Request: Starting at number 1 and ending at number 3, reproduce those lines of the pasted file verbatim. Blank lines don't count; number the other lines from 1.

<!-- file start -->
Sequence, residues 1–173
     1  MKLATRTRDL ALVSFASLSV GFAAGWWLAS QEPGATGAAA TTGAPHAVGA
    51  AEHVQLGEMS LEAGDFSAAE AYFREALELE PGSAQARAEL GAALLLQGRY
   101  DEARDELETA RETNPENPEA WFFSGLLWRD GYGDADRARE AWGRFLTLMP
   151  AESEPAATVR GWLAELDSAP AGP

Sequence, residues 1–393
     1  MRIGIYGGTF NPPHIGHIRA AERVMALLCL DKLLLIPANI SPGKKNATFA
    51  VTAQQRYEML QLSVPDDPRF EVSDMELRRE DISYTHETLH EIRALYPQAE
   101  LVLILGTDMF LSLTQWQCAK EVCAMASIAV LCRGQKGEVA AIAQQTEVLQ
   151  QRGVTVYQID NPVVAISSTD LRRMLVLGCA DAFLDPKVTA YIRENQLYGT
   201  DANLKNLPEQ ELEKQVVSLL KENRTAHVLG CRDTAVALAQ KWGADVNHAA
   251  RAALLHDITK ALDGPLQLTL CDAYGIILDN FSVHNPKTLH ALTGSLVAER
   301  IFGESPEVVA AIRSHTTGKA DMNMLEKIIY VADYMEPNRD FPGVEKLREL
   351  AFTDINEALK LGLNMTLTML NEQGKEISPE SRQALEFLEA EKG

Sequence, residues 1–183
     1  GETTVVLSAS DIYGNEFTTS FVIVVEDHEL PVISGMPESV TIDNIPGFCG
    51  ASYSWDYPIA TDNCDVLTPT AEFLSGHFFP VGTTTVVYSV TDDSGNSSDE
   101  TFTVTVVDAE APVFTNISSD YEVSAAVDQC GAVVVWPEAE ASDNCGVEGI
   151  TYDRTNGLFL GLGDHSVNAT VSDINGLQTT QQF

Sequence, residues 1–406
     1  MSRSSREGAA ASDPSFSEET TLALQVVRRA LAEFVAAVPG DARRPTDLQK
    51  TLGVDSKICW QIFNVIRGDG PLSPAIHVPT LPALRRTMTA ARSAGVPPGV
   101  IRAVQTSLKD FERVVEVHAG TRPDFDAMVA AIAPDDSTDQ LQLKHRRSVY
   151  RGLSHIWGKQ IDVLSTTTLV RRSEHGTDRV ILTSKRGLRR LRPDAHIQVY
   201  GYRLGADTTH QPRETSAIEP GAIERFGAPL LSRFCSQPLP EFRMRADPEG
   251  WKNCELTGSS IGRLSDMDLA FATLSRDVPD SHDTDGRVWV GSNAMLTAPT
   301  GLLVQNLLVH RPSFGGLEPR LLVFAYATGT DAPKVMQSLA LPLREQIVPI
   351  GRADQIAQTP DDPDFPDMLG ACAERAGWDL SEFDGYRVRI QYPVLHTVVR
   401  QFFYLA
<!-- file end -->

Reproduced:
Sequence, residues 1–173
     1  MKLATRTRDL ALVSFASLSV GFAAGWWLAS QEPGATGAAA TTGAPHAVGA
    51  AEHVQLGEMS LEAGDFSAAE AYFREALELE PGSAQARAEL GAALLLQGRY